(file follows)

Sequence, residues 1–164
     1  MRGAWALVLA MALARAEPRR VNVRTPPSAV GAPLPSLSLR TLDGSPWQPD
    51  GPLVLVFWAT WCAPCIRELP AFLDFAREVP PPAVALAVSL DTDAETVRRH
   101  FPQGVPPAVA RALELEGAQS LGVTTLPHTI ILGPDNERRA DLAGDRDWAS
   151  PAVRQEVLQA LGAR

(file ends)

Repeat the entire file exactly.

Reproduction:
Sequence, residues 1–164
     1  MRGAWALVLA MALARAEPRR VNVRTPPSAV GAPLPSLSLR TLDGSPWQPD
    51  GPLVLVFWAT WCAPCIRELP AFLDFAREVP PPAVALAVSL DTDAETVRRH
   101  FPQGVPPAVA RALELEGAQS LGVTTLPHTI ILGPDNERRA DLAGDRDWAS
   151  PAVRQEVLQA LGAR